An Analysis Of Candy Krasner's The Seasons

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“You were so young.” I tell my brother Ben, as we look at a photograph of him, his feeding tube wrapped around him, ruffling his pajamas as they creased around his frail body. “You were so thin.” I say, acknowledging the way his expression told everything he had been through. I wanted to reach out and hold him, the image a reflection of the fate he seemed to have accepted. Memento Mori, like this photo of my brother, are everywhere. One can encounter their mortality unintentionally, even just walking down the street. Candy Chang’s art installation “Before I die” plasters the walls lining cities around the world. Described in “O, The Oprah Magazine” as: “a series of large-scale projects that combine installation art and social activism,…show more content…
Surprisingly, it was her almost immediate response to his death that inspired Krasner’s “The Seasons”. At first glance one could easily pass this piece of work, merely taking into account its colors and shapes. Using primarily greens, pinks, browns, and ivories, these shapes appear as abstract flowers, leaves and braches. Taking a second look, one can see the pressing allusion to their representation of sexual organs. Reading further into this, I consulted one of Krasner’s online biographies. It described Krasner and her work during this time as “a sensuous painterly style in which human, animal, and plant forms play prominent roles. Often alluding to the natural world's cycle of birth and death, the canvases are simultaneously seductive and ominous, life-affirming and…show more content…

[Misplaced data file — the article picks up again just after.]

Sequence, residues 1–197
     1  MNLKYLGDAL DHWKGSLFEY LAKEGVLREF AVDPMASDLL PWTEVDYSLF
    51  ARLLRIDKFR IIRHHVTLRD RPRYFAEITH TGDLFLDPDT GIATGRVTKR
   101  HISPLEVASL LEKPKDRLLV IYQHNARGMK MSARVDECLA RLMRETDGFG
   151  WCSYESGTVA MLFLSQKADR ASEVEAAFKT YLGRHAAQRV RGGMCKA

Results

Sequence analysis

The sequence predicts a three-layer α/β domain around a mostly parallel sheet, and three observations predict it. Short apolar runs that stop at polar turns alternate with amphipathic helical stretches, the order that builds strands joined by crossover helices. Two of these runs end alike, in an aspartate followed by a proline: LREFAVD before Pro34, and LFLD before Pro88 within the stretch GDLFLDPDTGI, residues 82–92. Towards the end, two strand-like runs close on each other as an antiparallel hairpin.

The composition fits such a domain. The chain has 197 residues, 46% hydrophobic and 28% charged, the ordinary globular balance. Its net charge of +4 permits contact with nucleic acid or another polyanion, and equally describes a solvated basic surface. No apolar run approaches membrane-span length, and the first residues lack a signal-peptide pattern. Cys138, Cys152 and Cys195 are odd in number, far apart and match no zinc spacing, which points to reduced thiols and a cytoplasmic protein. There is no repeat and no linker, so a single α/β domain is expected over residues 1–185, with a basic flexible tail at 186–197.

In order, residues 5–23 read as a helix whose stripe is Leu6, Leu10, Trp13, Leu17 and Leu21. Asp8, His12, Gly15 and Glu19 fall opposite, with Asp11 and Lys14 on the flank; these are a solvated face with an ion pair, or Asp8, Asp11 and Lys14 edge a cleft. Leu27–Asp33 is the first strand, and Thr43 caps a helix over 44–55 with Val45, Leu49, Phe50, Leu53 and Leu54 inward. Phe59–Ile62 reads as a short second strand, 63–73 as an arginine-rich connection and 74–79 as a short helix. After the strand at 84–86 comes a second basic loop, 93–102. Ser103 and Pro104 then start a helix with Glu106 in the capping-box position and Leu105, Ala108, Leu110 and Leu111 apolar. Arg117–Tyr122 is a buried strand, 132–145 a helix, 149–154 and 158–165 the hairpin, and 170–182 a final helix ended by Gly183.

He explains that no matter how many sides are added to the polygon inside, it will never reach the wholeness of the circle. Deepening his theory even further, he explains that you can’t visualize the entirety of existence from the accumulation of factual knowledge. The build- up of facts, like the build- up of sides, will never lead to wholeness. But if knowledge won’t help us find the entirety of life, what will? We are consistently looking for life to the full, hoping that the accumulation of knowledge, or relationships will help us in our subconscious fight against death. Our mortality is prominent, and we cope with it through these distractions, none of them ever working completely. Thinking deeper into the concept of coping with death I was reminded of a “Psychology Today” article that questions how exactly humans cope with their mortality. It states that the basic approach, that we all rely on as humans, is to not always dwell on death; unfortunately, “forgetting” our mortality often fails, so we rely on other coping mechanisms to get by. The article later reads, “We know we will die, no matter how much we try and avoid thinking about it. So, humans developed cultural symbols of meaning and

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